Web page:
They may grow bored of what you serve them, or perhaps they don’t like the way their food is plated.
How to fix it:
It’s important to set healthy boundaries and uphold your responsibility of “what, when and where”, but it’s also ok to let your kids be a part of the process.
Get them involved in shopping, prepping, menu planning, cooking, serving and cleaning up! I never thought I’d say this, but my kids love packing their lunches now using their Fenigo leak-proof lunchbox sets. They also love these zero waste lunchbox accessories, too.
Yes, involving your kids can make the process a bit longer and maybe a bit more frustrating, but the benefits are huge and it’s worth it.
Try serving meals family-style (sort of a like a deconstructed meal!). Place all of the ingredients on the table and let your kids build their own meal. This still allows you to be in charge of what is served, but gives your kids a sense of independence and control. This strategy works really well with meals like tacos, yogurt parfaits, pasta nights, stir-fries, homemade pizza, buddha bowls and oatmeal “sundaes”.
3. They’re bored
I’m like any parent and get stuck in “food ruts” where I serve the same thing over and over again. Translation: major kid boredom and eventual food refusal.
Here’s an example: after my third baby was born, I felt as though I was in survival mode for a few months (I still do sometimes!) and sent my son to school with the same snack pretty much every day: a healthy granola bar, cheese or yogurt and a piece of fruit. Yep, the same thing over and over again. He started coming home with most of his snack uneaten not just once, but pretty much every day.
In my sleep-deprived state, I didn’t realize that he could be growing tired of his snack, even though he used to love it.
How I fixed it:
I asked him why he wasn’t eating his snack and he said “I don’t know, I just don’t like it any more”. I then asked him if he was bored of it and he replied “yes I’m bored of it”.
We then came up with a few new and different snack option for him together and I try to rotate through three or four of them so that he doesn’t get bored. We get bored of certain foods and so do our kids. This is usually an easy challenge to overcome.
Switch up serving styles. Something as simple as changing the shape or texture of food can make a difference to a child. If raw cauliflower, carrots or celery are too crunchy, steam them. Mix cucumber “coins” with strips, or try sweet potato “fries” instead of roasted sweet potato, or butternut squash soup instead of baked butternut squash! Experiment to see what they like best.
4. They’re simply not hungry
We now know that toddlers’ and kids’ appetites can be unpredictable and erratic at the best of times. After the age of two, growth slows and stabilizes which means that toddlers aren’t as hungry as they used to be.
Kids have “hungry days” and “full days” and that could mean that one day, your child out-eats everyone at the table, and another day they doesn’t eat much at all at his dinner.
As long as you’re maintaining your feeding roles and staying consistent with mealtime boundaries, your child should be in charge of whether and how much they eat. It is possible that your child is simply not physically hungry when a meal is served (for whatever reason) and that’s ok.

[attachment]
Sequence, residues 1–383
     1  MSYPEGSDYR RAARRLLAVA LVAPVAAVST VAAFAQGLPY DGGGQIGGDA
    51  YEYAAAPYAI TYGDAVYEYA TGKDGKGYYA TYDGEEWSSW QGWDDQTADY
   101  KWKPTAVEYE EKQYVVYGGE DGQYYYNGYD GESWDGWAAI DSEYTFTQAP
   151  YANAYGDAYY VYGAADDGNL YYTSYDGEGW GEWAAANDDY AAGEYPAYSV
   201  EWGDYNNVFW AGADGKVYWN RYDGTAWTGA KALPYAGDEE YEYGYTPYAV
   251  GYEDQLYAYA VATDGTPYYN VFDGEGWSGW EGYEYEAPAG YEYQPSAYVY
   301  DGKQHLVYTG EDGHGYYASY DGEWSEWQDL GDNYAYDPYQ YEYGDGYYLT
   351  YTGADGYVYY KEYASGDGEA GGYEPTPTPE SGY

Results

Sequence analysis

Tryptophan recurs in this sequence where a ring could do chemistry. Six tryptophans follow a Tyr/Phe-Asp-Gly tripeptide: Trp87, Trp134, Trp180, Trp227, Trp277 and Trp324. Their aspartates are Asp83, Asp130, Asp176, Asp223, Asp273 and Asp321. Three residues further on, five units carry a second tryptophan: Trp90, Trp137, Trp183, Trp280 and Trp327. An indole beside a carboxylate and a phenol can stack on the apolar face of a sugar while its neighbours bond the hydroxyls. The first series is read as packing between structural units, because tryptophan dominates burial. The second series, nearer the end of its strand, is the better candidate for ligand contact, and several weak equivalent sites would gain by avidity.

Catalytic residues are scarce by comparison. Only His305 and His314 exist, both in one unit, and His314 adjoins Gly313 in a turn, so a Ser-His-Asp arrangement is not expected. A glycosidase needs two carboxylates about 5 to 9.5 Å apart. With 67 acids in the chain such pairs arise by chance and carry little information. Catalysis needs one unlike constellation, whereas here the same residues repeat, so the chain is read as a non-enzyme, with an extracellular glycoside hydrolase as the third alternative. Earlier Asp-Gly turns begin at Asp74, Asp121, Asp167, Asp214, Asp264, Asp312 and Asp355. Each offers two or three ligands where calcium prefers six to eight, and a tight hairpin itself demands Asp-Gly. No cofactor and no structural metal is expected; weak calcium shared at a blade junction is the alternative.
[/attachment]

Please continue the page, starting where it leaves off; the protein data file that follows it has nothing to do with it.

How to fix it:
Try to accept “I’m just not hungry” as an acceptable answer, and remind your child that the kitchen will be closed after mealtime.
5. They’re distracted
Allowing your kids to watch TV, watch an iPad, or play with toys at the table is a recipe for distraction.
When a child is watching a show or playing a game on an iPad while eating, they are focusing most, if not ALL, of their attention on screen. There is no attention left for eating their meal, let alone listening to their tummy. With a screen in front of them, kids will can easily under or over-eat because they’re just not paying attention.
Young kids have a hard enough time focusing on their meal with minimal distractions let alone a big shiny moving screen in front of them. The same goes for toys and playing with siblings at the table.
How to fix it:
No toys at the table and no eating in front of the TV (that goes for parent too—no phones at the table!).
Many well-meaning parents depend on screens or toys to distract their child into eating two or three more bites, but this is counter-productive and can make the problem worse (and create a pesky, hard-to-break habit!). Screens and other distractions interfere with a child’s ability to self-regulate and tune in to their appetite.
6. Portions are too big
Some kids are turned off of a meal simply because the portion that they’ve been served is too large and overwhelming.
This was never a problem with my oldest son, but is definitely a problem with my daughter. I used to serve her the same amount that I served my son (this was a mindless habit that I got into), but then after many meal rejections, realized that I was serving her too much. We were wasting food and my daughter was overwhelmed with the portions that I was offering.
How I fixed it:
When I cut her portions down (by more than one half!), she started eating her meals again and sometimes even asked for more.
I served her less of everything, but still made sure that she was getting a nice balanced meal. I realized that I am like this too–if I’m served too large of a portion of any food, I immediately become turned off and don’t eat as much.
7. They’re nervous or scared to try it
Imagine trying a foreign food for the first time, without knowing how it tastes or feels in your mouth. You might be tentative too! Kids have more taste buds than we do too, so all foods have a more intense taste for them.
How to fix it: